taliban: Moscow meet: Russia, India say Taliban yet to fulfil promises

taliban: Moscow meet: Russia, India say Taliban yet to fulfil promises


NEW DELHI: The Moscow Format talks on Wednesday, which will see participation by the Taliban and 10 countries including India, will underline the need for an inclusive government in Afghanistan and seek consolidated international efforts to fend off a humanitarian crisis in the country.
While Moscow said a joint outcome document will also be adopted following the talks, both Russia and India expressed reservations about the conduct of the Taliban in recent months that has seen them reneging on promises made to women and minorities. India’s ambassador to Russia D B Venkatesh Varma said in Moscow a few days ago that “in the last several months, unfortunately we have seen that Afghanistan is a story of broken promises’’.
“Whether the Taliban will stand by their commitments and back words with deeds – we will wait and see,’’ he told Russian daily Kommersant.
The Moscow Format talks were preceded by a meeting Tuesday of the extended troika in which Russia, China and Pakistan, according to Moscow, exchanged views on common security threats and expressed interest in providing Afghanistan with urgent humanitarian and economic assistance. Russian foreign minister Sergey Lavrov, however, said after the meeting that recognition for the Taliban government was not under discussion and that Moscow was still prodding Taliban to fulfil the promises they made when they came to power.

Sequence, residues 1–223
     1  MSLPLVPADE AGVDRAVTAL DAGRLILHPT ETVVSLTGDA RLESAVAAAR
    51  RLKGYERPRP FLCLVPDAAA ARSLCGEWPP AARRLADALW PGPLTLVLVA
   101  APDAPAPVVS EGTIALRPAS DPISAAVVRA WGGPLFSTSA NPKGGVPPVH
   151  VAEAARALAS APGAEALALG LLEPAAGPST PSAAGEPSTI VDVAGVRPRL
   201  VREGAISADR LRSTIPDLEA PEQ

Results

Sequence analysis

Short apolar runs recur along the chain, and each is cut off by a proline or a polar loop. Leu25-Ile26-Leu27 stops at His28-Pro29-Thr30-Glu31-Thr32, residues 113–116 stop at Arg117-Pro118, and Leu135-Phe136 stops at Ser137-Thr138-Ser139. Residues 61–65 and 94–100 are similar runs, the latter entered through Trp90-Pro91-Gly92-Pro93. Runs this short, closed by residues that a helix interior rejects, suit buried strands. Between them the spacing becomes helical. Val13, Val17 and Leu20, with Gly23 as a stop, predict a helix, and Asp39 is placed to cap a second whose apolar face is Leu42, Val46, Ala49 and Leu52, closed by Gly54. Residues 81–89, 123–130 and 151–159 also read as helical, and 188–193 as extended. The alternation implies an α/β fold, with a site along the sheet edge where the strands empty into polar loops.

India is likely to back a proposal by Russia at the talks for a UN conference to provide humanitarian aid to Afghanistan. PM Narendra Modi had called for urgent and direct humanitarian assistance to the Afghan people and an “inclusive administration’’ in his G20 address. Before sending any aid though, India wants an enabling environment for the UN to ensure a non-discriminatory distribution of aid to the Afghan people.
The Taliban will be represented in the Moscow Format talks, in which they are hoping for steps towards international recognition, by a delegation headed by Abdul Salam Hanafi, second deputy of the prime minister.
Interestingly, the US did not participate in the troika-plus meeting apparently because it was “logistically difficult’’ but expressed support for the format.
While no real breakthrough is expected in the talks on Wednesday, the participating countries are expected to press the Taliban for a more inclusive administration. Both Russia and India believe that the current Taliban government is not inclusive and that it shouldn’t receive any international recognition in its current form.





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